If You Think 'Mowgli' Is Just Another 'Jungle Book' Rehash, Let The Director Clear Things Up
Since the 1967 classic first came out, there have been plenty of Jungle Book adaptations over the years, including a Disney live-action retelling of the beloved story in 2016. And now, actor and director Andy Serkis is adding another one to the list this fall with Mowgli, out Oct. 19. If you're raising your eyebrows at the idea of yet another version of the classic tale, Serkis hears you — but he believes that Mowgli stands out from the Jungle Book pack.
“I think if you were to put this next to the Disney one, you wouldn’t even think that they’re the same story. They operate in completely different spheres," says Serkis, speaking to Bustle over the phone in May. And besides, he adds, “Any classic piece of work... is worthy of reinterpretation. How many Hamlets have we seen? I’ve seen Mark Rylance play Hamlet. I’ve seen James McAvoy play Hamlet. I’ve seen Benedict Cumberbatch play Hamlet. How many Spider-Man movies have there been in the last decade?”
Although audiences have indeed seen adaptations of The Jungle Book many times before, Serkis promises that Mowgli is a grittier take on the story than its predecessors. The director, who also plays Baloo in the film, chose to focus the movie on Mowgli's (Rohan Chand) journey of figuring out his identity. “It’s a very personal part of the story for me, the sense of not being of one place or another and discovering one’s identity,” explains Serkis.
In the exclusive trailer for the film above, you can see how Mowgli struggles with the power dynamics of the jungle. The child comes face-to-face with fearsome Shere Khan (voiced by Benedict Cumberbatch), while grappling with being an outcast trying to find his place in the world — not quite fitting in with the animals or humans. When Akela (voiced by Tom Hollander) says, “You have become a man now, Mowgli,” the protagonist denounces this, stating that he’s “not a man, neither am I a wolf.”
According to Serkis, it was important to show a side to Mowgli’s story that questions what it means to be a part of both worlds. “You’re seeing [Mowgli] not only come to grips with the fact that he is this orphaned child brought up by the wolves and believes himself to be a wolf, but at a certain, sort of tender point in his adolescence, he realizes that he is other, and that he has been forced, for his own safety, to live in the world of man," the director explains. "We really haven’t seen that side of the movie or that side of the story or the books where he has to engage in the laws and customs, ways and beings of mankind.”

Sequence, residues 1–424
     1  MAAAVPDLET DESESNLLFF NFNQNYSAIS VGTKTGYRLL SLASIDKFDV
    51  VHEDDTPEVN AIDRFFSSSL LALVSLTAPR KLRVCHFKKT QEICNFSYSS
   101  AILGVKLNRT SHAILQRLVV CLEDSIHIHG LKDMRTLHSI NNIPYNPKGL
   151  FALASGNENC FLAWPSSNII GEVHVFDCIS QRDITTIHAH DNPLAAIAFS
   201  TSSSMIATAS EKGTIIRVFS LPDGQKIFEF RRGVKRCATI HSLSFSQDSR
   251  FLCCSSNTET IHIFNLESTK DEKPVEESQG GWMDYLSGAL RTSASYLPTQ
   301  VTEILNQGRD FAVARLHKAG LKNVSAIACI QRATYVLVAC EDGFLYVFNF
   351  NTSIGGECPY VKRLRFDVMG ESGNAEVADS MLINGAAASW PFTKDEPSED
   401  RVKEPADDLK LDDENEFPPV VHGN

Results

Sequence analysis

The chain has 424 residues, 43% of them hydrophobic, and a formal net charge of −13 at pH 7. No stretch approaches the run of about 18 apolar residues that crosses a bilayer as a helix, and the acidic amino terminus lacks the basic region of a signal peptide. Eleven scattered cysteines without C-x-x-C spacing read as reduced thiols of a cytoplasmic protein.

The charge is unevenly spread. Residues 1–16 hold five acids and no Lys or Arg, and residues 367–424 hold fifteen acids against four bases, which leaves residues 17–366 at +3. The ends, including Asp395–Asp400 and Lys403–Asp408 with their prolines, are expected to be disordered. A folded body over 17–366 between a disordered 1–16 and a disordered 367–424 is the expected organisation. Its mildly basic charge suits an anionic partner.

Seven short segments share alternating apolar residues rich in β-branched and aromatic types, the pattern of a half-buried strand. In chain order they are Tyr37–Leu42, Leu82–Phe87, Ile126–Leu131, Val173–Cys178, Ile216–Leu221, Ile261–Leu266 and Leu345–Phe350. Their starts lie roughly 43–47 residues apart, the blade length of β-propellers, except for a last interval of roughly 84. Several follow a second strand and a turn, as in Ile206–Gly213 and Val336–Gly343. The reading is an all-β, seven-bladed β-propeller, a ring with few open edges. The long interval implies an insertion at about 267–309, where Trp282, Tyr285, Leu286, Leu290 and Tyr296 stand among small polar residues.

Fans of the original collection of Jungle Book stories will remember that they did indeed focus on Mowgli’s interactions with the laws of the jungle as he navigated his place within its hierarchy. Serkis says he wanted to pay homage to author Rudyard Kipling, and that this new version is “much closer in tone to [Kipling’s] original book.” That homage included delving deeper into the setting of 19th century India than ever done in a Jungle Book adaptation before. “In the versions that we’ve seen, that has been completely forgotten," Serkis explains. "It feels like entertainment has been the main objective in the past few versions, whereas this is much more of a visceral, personal story of someone who is ‘other.’”
Of course, no version of The Jungle Book would be complete without a group of A-list actors voicing roles. Serkis' own part of Baloo was a clear fit for the actor, given his reputation as the master of motion capture roles (most notably as Gollum in The Lord of the Rings and The Hobbit films. Meanwhile, 14-year-old newcomer Chand acts alongside Christian Bale as Bagheera, Cate Blanchett as Shere Khan, and Freida Pinto as Messua, who's one of the few human characters in the story. “They were all blown away by him,” says Serkis of Chand. “In that way that young actors can do, they can bring out the best in mature actors.”
With its stellar cast and a darker take on a well-loved story, Mowgli might surprise audiences in the same way.